Program Goals/Target Population
The Minnesota Smoking Prevention Program (MSPP) is a smoking prevention program designed to promote awareness and knowledge of the harms of tobacco use among school-aged children. The goals of MSPP are to (1) help youths identify the reasons children their age smoke (e.g., peer pressure, advertising, lack of self-confidence); (2) provide resistance tools they can implement; and (3) emphasize the value of social support in resistance through peer leadership activities. Throughout the span of six classroom sessions, the program aims to instill educationally based strategies to abstain from tobacco use. The program was developed for students to work in collaboration with peers to apply learned tactics to not smoke.
Program Activities/Key Personnel
The development of MSPP came about from a larger project titled Minnesota Heart Health Program (MHHP) that was conducted in the North Dakota areas of Fargo and West Fargo, and Moorhead, Minn. The MHHP was designed to improve eating, exercise, and smoking patterns across the entire population of the communities. The MSPP was one component of this effort. The inaugural year of MSPP began in 1984 with sixth graders.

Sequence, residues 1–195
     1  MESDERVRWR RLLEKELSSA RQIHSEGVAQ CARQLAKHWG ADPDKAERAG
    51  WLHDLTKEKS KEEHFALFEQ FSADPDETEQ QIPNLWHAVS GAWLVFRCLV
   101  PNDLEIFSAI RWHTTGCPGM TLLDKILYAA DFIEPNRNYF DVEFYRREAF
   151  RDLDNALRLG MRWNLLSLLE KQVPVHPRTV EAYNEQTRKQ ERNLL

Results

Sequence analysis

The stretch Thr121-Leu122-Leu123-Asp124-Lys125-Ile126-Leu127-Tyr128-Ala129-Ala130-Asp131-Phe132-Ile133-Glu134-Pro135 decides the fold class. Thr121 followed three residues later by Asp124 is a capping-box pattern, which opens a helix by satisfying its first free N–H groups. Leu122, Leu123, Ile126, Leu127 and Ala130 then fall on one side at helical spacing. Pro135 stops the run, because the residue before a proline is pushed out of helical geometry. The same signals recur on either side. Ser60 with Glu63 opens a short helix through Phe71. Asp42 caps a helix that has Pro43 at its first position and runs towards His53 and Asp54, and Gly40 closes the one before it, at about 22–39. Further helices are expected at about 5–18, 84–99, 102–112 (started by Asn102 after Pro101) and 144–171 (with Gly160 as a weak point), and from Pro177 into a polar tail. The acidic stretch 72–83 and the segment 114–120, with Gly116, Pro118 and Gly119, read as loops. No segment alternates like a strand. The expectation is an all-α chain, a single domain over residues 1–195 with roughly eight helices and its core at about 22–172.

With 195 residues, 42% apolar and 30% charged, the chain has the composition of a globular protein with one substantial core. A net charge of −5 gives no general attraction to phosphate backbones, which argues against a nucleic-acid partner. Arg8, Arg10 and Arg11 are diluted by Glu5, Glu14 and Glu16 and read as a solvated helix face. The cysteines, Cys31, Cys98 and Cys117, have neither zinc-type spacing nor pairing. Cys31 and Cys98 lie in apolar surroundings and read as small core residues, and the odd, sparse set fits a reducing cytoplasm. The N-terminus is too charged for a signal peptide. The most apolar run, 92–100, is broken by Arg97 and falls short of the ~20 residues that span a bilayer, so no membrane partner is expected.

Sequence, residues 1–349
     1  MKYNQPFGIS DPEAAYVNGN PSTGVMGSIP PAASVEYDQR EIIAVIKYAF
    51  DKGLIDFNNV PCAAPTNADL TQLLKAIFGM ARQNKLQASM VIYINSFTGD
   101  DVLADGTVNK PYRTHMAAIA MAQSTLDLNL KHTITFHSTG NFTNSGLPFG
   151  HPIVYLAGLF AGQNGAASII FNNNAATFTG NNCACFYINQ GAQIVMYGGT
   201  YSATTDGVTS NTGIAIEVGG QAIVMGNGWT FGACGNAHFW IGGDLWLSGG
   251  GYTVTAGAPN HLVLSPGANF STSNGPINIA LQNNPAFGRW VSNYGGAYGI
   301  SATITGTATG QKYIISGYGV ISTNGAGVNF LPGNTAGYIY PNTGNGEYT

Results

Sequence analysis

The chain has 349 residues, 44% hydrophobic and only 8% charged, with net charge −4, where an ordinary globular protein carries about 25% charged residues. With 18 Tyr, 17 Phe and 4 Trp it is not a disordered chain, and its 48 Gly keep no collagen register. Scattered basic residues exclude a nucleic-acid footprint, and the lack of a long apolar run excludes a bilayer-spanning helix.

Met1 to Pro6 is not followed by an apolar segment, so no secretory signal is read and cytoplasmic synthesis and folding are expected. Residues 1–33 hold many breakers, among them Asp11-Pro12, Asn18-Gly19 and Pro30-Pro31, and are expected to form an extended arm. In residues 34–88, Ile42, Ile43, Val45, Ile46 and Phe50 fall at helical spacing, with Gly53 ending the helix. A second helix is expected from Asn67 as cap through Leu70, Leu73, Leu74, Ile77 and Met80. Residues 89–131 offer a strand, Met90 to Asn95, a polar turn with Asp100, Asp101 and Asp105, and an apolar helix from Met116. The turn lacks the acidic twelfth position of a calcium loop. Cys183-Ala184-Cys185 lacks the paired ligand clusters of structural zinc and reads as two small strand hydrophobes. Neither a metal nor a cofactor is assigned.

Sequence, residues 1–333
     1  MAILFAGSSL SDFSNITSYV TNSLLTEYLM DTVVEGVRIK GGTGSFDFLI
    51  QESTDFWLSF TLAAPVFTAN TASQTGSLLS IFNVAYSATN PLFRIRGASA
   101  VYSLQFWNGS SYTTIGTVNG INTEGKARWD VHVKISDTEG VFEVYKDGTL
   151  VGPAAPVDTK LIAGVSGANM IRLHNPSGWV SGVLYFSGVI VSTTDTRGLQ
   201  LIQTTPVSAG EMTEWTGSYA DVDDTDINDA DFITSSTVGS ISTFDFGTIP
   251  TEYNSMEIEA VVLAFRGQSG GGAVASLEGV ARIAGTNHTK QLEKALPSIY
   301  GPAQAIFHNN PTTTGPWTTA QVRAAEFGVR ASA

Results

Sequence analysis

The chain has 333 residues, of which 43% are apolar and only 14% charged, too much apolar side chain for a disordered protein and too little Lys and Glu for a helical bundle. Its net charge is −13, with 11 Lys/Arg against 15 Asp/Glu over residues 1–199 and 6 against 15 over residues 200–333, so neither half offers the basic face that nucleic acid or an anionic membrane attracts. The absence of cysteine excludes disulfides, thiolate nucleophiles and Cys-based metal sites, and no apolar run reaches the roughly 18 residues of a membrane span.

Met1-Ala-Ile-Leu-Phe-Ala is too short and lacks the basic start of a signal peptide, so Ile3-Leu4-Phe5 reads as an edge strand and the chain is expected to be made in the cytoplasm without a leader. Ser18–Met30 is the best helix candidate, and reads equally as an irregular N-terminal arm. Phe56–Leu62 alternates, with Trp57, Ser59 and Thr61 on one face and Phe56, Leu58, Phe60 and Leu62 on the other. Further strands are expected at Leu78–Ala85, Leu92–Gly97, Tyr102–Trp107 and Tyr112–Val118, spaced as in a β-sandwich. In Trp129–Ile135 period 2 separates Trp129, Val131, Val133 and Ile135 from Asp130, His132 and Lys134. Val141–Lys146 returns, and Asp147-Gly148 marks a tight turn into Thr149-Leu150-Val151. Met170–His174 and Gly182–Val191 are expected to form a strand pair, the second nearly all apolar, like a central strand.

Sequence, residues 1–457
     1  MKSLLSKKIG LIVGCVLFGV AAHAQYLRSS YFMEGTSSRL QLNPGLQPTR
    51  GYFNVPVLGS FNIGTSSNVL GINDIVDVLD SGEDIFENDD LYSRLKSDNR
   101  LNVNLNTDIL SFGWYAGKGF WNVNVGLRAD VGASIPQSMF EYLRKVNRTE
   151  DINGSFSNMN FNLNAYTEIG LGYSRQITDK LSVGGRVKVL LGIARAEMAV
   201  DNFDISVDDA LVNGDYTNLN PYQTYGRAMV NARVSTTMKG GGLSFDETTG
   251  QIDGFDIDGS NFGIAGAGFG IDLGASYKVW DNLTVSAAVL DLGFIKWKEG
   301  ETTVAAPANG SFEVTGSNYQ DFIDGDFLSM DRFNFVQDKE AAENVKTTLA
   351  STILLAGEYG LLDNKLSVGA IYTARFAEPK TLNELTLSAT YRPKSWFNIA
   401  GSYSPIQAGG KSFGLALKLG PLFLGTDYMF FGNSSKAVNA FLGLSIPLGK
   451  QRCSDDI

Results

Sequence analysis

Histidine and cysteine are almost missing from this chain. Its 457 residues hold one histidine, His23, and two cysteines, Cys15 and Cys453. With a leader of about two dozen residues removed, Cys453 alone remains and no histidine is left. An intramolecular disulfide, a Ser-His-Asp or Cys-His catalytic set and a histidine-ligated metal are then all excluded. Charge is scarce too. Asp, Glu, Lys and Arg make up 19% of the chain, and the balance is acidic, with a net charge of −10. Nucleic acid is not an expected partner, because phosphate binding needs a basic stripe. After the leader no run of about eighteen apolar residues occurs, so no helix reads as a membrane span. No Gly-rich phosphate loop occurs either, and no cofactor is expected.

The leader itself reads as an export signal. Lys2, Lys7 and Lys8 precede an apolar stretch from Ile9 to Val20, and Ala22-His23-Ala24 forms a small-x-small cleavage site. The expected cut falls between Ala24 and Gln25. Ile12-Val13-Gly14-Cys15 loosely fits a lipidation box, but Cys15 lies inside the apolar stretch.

MSPP is comprised of six sessions that last 45–50 minutes in length. Each session was designed to incorporate various educational strategies for preventing tobacco use. The six sessions include:
- small group discussions identifying short-term consequences of smoking;
- comparing expectations of smoking with actual data and discussing overestimates of prevalence;
- learning why adolescents smoke (e.g., an attempt to seem mature);
- understanding how culture affects the desire to behave or act;
- skills to resist social influences; and
- expressing a public commitment to abstain.
Materials for implementation include a facilitator’s manual containing detailed instructions for each session. Additionally, transparencies and handouts are provided to lead each session. Peer leaders participate in a 30-minute training session conducted by the teacher to prepare them for instruction of student groups. The peer leadership guide was written specifically for students, and designed to make their time in MSPP worthwhile.
9 to 13
Smoking Intensity and Prevalence
The main outcomes evaluated in the study were smoking intensity and prevalence among students. Perry and colleagues (1992) found that 14.6 percent of the cohort sample from the intervention community that received the Minnesota Smoking Prevention Program (MSPP) reported smoking weekly compared with 24.1 percent of the comparison group, a significant difference. The number of cigarettes smoked per week was also significantly lower in the intervention group compared with the comparison group. In addition, data gathered from the examination of the saliva samples showed a significantly lower presence of thiocyanate in the intervention group compared with the comparison group.
The results from the cross-sectional data supported these results from the cohort data.
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